Instruction manuals

Potassium Nitrate Decomposition Paper PURCHASED Fro Michaelstarr1969

KNO3 decomposition paper
of 4
All materials on our website are shared by users. If you have any questions about copyright issues, please report us to resolve them. We are always happy to assist you.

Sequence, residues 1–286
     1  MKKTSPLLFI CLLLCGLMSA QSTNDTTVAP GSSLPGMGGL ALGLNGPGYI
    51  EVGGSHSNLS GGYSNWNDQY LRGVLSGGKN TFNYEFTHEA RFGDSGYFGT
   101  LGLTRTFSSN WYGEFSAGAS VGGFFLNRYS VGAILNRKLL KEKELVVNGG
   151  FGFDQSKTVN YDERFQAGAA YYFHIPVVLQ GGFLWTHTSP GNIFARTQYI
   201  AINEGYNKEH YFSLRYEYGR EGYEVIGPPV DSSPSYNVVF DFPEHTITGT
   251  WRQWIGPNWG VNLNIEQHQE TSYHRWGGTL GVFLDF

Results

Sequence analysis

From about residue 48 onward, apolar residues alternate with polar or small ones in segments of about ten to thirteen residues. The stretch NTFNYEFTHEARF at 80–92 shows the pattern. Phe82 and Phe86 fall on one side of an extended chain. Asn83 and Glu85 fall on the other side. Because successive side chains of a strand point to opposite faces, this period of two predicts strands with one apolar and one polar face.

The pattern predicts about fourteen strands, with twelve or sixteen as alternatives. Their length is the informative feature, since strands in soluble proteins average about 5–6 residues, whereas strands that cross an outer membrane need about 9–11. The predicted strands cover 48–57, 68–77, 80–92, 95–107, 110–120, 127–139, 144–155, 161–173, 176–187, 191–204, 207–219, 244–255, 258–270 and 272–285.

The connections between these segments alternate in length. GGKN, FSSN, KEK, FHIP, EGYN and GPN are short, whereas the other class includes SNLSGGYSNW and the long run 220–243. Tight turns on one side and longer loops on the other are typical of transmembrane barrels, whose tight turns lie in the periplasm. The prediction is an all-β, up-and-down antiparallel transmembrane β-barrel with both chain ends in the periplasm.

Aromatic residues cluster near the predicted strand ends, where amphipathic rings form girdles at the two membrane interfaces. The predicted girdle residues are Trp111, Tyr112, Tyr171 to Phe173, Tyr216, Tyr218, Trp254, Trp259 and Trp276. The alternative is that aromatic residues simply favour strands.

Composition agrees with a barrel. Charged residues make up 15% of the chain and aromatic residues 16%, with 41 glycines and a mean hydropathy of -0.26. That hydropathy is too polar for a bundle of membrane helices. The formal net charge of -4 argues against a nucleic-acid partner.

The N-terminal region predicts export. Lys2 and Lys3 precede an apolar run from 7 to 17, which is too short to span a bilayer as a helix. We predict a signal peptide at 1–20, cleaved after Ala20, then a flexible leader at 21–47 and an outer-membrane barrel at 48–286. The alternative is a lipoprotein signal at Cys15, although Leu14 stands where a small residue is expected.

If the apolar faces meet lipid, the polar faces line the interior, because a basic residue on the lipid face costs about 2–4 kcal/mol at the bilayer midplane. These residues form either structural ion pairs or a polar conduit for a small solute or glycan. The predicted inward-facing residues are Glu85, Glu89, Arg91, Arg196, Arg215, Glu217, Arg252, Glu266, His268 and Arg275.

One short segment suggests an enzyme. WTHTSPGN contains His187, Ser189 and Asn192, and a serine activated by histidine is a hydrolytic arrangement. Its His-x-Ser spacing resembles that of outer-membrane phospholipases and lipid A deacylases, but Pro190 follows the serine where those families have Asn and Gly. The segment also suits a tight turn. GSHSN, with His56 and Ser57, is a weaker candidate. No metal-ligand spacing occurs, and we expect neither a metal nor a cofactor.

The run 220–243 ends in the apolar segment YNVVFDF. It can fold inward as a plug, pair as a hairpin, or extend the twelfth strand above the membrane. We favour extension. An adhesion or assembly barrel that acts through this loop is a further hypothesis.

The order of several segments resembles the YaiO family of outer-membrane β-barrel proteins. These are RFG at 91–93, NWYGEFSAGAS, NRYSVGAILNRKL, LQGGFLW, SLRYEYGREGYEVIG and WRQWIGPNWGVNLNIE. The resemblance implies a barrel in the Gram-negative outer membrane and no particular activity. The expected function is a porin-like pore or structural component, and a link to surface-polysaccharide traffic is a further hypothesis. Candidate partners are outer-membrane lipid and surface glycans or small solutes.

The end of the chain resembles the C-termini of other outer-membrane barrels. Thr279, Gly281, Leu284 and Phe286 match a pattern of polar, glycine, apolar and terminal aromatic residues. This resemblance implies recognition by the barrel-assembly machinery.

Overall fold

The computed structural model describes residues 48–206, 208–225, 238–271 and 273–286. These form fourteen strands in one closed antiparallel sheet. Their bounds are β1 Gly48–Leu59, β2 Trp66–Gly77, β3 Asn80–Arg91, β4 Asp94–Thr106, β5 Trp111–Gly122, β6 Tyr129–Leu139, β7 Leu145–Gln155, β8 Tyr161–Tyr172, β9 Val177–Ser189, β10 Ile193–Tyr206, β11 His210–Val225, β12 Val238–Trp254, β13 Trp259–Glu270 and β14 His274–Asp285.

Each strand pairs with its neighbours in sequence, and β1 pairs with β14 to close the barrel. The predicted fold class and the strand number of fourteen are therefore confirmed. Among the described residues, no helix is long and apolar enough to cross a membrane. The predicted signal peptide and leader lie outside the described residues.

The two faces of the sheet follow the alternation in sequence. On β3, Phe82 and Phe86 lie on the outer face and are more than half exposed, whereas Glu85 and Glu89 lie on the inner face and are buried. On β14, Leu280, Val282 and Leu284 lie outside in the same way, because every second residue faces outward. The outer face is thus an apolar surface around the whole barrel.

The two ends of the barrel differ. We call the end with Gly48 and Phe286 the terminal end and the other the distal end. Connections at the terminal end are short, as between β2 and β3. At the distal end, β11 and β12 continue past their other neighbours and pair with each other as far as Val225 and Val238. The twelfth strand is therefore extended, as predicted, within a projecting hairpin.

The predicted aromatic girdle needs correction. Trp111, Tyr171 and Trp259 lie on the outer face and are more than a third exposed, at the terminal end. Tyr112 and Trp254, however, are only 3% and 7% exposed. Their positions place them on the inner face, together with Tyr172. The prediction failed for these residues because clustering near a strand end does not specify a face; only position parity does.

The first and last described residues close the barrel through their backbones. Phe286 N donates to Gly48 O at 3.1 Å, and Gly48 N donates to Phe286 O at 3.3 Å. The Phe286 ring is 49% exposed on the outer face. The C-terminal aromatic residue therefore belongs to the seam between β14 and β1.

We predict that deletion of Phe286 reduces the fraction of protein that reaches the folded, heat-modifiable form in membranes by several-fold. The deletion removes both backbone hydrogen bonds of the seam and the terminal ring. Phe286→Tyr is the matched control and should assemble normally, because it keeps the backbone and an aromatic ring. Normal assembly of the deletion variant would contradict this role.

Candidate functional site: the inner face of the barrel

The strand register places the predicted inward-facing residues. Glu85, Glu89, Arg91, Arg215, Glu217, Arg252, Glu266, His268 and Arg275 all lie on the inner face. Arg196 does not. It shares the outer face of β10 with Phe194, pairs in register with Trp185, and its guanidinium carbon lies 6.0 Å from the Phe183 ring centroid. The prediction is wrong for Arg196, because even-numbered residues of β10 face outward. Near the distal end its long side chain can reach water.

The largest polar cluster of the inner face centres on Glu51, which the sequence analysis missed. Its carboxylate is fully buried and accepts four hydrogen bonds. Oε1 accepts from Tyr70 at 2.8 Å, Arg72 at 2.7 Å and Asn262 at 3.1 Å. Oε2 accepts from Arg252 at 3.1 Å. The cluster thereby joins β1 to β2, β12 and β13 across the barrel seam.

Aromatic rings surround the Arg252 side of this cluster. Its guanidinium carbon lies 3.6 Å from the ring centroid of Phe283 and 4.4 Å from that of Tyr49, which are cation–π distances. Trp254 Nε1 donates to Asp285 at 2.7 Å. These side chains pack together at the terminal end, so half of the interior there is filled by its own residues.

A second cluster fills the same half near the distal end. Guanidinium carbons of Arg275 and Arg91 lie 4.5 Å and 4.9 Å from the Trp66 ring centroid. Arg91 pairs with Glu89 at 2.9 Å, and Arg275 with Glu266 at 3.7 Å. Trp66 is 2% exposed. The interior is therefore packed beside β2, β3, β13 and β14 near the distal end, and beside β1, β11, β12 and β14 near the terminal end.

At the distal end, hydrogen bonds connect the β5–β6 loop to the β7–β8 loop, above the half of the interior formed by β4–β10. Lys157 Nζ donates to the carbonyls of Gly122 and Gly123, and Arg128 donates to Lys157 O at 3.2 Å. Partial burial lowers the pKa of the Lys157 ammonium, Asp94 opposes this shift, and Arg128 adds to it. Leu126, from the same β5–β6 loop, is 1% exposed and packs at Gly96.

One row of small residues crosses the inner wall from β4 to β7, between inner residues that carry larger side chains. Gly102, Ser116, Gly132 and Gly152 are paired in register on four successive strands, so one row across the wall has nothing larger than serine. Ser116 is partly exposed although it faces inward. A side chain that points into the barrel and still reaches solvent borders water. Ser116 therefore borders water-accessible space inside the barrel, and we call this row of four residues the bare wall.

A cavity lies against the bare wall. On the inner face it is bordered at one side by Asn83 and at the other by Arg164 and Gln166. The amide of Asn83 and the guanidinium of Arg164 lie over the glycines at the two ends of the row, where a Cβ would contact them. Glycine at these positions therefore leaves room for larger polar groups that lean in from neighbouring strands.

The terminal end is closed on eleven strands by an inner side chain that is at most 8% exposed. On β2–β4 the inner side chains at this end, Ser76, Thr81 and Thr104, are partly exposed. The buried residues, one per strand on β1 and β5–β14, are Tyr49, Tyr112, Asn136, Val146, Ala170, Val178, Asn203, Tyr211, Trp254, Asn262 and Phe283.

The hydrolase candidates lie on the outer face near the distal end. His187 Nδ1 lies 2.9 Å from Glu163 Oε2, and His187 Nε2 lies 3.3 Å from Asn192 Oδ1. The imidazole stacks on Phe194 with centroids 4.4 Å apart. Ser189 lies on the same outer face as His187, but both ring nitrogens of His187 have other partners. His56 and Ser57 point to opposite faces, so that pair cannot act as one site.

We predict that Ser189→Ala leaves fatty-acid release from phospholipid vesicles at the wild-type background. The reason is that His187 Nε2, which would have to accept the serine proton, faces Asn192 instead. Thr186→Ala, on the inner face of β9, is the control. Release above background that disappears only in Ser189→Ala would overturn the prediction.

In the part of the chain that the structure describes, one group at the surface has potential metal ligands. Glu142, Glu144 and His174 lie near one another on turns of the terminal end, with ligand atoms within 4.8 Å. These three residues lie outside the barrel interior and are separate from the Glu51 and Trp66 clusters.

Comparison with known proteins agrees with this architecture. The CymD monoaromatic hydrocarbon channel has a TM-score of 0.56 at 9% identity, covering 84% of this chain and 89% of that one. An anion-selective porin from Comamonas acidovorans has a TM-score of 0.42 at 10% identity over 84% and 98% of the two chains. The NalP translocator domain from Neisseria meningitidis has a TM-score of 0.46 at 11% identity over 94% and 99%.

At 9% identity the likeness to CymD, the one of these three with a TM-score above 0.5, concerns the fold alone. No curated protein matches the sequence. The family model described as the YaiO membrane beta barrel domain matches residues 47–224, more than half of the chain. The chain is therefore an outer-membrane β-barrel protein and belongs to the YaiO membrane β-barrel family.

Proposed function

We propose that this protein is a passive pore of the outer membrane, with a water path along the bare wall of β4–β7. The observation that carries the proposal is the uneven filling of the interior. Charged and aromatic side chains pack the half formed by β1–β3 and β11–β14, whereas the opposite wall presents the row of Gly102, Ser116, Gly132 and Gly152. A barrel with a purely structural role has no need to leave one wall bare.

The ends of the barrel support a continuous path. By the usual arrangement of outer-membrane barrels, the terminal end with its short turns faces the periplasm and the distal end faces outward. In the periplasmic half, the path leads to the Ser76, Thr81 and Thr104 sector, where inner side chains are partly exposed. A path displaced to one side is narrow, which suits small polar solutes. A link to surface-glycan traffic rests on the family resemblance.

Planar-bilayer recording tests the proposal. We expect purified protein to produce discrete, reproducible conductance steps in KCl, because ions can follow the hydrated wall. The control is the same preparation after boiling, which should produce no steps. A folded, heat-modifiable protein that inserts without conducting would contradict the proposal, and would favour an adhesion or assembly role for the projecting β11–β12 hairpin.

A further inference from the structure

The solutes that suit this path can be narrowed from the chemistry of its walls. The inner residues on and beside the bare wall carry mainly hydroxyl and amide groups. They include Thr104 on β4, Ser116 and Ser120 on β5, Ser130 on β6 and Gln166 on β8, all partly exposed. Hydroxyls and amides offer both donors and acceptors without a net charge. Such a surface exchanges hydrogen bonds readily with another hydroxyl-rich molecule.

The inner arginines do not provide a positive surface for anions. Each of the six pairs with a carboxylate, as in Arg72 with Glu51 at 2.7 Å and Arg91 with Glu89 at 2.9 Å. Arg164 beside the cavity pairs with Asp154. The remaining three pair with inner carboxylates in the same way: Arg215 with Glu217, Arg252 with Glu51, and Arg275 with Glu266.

Related Documents